Helpful Answer (6)

Medicaid is available only to people who are financially eligible. To prevent people from scamming the system and giving their money to family members so they are suddenly eligible Medicaid came up with rules about gifting. If you had enough money to care for yourself and you gave it away, don't come to us expecting tax money.

Well, all right. But in the case you describe, KatieKate, grandma was not trying to scam the system. She was just behaving as a loving grandmother, expecting to get the money back. She did not foresee the accident that would prevent grandchild from paying her back.

And in the case of my support group person, the loved one wasn't trying to scam the system, but was irrationally giving away money to charities because of her dementia.

I understand why Medicaid has the rules, but, gosh, they sure to present a hardship to lots of people who were not trying to cheat.
Helpful Answer (6)

ok...which is it? Does the elder need to be somewhere else during the penalty period? Or... does the elder need to be in a NH racking up debt during the penality period?

So..just say grandma helped grandson pay for education in Germany. Grandson had an unfortunate accident. Now, grandma needs to be in NH..   let us say, the amount of money was equal to one year in the NH...

Does grandma stay with grandsons parents (her son and daughter in law...or someone else) for the penality period (one year) ...or does grandma go into the NH and rack up a year of debt till medicaid takes over? OR, does grandma just live on the street for the remainder of her days? There isn't any other answer. That money is not coming back.

Is there an expert here that can enlighten us?
Helpful Answer (5)

The thing is that so much can change in 5 years. My dad went from traveling, to needing NH because of AD in 5 years. My mom went from using her walker to visit with family at a wedding reception, to being in a wheelchair fulltime at a NH in 5 years. Neither ever expected to need every cent of their assets for care, and I can see them giving money to the grandkids for education (had they had the financial resources to do so). So it has to be a terrible situation when their generosity comes back on them (and ultimately their adult children).
Helpful Answer (5)

That's at least partly because there has been a significant change in the definitions of poverty.

If you get sidetracked into believing that societal problems are the fault of fat cats pocketing everybody's money and going tee hee hee about it you ignore much more substantial issues: namely, how the expectations for individuals are going to be met by a society's resources, taken as a whole. For decades western governments have been doing it with smoke and mirrors - borrowing money so that they can pretend to their electorates that they can have all of the desiderata without being obliged to pay for them. Eventually, as one charmingly tactful economist I heard put it: "these guarantees cease to be credible."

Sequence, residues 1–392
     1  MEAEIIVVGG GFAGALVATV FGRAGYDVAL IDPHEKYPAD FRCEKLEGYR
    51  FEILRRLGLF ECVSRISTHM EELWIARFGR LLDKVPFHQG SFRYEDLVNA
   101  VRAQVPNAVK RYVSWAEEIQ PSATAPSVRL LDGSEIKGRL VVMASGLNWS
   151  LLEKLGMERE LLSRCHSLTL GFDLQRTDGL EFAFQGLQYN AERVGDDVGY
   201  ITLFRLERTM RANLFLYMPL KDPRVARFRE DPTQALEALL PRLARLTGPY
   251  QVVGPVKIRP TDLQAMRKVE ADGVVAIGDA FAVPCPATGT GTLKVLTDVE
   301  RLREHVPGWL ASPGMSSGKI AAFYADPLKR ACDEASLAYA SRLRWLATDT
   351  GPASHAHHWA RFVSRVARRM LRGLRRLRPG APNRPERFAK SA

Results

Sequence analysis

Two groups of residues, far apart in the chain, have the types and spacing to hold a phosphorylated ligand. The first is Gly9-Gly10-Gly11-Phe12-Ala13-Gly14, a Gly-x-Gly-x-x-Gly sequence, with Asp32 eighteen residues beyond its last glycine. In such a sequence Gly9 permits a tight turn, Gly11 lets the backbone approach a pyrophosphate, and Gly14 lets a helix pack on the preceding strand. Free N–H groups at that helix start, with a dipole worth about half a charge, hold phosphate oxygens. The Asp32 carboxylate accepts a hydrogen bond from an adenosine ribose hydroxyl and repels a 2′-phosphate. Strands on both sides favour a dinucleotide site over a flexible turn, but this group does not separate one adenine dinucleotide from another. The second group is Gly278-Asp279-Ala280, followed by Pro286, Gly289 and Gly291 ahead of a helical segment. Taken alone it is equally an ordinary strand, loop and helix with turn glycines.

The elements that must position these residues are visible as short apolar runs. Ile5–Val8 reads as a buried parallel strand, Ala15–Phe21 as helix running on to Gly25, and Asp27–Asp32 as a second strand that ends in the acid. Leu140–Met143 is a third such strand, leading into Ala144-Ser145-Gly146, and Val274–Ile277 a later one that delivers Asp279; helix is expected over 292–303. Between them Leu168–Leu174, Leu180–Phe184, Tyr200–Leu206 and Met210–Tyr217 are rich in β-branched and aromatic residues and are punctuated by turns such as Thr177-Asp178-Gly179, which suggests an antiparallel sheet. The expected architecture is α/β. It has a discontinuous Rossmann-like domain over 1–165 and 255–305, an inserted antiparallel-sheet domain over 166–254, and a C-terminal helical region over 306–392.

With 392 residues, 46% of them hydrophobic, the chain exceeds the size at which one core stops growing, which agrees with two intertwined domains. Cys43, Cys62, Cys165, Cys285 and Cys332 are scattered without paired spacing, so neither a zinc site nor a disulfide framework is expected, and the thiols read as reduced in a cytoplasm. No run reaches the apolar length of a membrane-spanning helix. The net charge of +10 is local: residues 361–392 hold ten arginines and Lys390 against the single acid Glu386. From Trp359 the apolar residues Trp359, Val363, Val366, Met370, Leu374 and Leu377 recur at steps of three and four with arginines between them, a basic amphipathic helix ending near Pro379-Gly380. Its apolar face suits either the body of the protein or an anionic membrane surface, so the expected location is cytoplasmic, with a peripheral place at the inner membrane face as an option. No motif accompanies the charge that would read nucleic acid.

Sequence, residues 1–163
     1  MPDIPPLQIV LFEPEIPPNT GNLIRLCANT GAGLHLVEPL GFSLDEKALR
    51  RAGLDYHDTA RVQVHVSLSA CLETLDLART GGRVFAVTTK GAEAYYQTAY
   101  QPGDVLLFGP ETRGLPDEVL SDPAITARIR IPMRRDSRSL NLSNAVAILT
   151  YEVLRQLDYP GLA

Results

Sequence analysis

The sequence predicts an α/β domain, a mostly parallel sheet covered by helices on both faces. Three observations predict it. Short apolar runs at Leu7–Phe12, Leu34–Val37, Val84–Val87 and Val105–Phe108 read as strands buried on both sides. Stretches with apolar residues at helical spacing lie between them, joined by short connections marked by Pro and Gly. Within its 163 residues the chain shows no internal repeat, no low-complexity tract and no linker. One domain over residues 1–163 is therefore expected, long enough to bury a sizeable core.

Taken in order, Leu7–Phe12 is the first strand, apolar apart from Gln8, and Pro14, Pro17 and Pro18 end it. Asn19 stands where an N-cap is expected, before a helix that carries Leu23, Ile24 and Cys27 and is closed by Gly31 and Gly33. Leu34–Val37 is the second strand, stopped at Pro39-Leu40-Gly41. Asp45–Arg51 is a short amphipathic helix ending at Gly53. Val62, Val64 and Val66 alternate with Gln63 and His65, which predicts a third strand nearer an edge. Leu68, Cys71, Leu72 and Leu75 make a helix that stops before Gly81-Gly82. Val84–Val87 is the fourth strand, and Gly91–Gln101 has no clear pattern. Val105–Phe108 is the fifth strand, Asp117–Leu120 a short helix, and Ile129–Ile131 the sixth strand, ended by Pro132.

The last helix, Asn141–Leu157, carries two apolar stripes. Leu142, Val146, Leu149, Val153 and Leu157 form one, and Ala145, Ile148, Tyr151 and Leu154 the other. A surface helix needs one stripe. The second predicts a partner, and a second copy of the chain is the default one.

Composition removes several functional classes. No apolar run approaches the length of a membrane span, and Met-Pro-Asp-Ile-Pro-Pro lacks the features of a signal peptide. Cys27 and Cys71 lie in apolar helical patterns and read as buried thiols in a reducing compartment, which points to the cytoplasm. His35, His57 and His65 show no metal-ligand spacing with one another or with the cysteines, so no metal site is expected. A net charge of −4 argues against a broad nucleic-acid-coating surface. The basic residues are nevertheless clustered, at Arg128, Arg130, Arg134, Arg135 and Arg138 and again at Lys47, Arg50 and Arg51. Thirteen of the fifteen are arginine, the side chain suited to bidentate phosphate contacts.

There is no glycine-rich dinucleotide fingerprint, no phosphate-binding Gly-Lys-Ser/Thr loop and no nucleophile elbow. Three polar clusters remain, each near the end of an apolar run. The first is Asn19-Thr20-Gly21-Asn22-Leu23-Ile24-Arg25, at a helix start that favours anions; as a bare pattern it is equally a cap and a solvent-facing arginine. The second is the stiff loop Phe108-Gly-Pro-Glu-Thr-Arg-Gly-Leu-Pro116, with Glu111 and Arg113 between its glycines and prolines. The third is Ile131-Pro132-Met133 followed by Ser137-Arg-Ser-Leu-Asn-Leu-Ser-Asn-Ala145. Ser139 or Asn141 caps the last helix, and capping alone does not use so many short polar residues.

So now, a member of our affluent societies is encouraged to expect:
good primary, secondary and tertiary education
fulfilling, well-paid employment
stable prices
home ownership or protected tenancy
employment rights protecting a healthy work-life balance
affordable comprehensive health care
a guaranteed minimum standard of living regardless of means or ability to pay for it
protected access to key utilities including clean water and heating/air conditioning
general living standards rising from generation to generation indefinitely
a long and enjoyable retirement
the right to accumulate and bequeath wealth
high quality health and social care throughout a lengthy old age.

And that's not even counting expensive stuff like national and civic security, or consumer safeguards in the finance industry, or energy and environmental policy.

These are all fine aspirations for a prosperous society with continuously improving productivity (which in our case, both sides of the Atlantic, we have not got). But expectations? Not until we can balance the books, which we can't, not even if the fat cats are hung upside in public and shaken until the money falls out of their pockets. We are in much deeper trouble than that would solve.

We have borrowed too much for too long. It is the end of the line of credit. Time to decide which really are the essentials of civilisation, and which are luxuries we would do better without.

By the way, that's not necessarily a bad thing. It won't do us any harm to have our minds concentrated on what really matters.
Helpful Answer (5)

" I see 25 y/o on Medicaid, wearing $200 sneakers. " Really? Honestly? You've seen this with your own eyes? And you would recognize a $200 pair of sneakers? And you are sure they aren't a pair he bought when he was 22 and had his first good-paying job, before calamity struck?

It is complicated. It is way too complicated for glib accusations of fraud without knowing the circumstances.
Helpful Answer (4)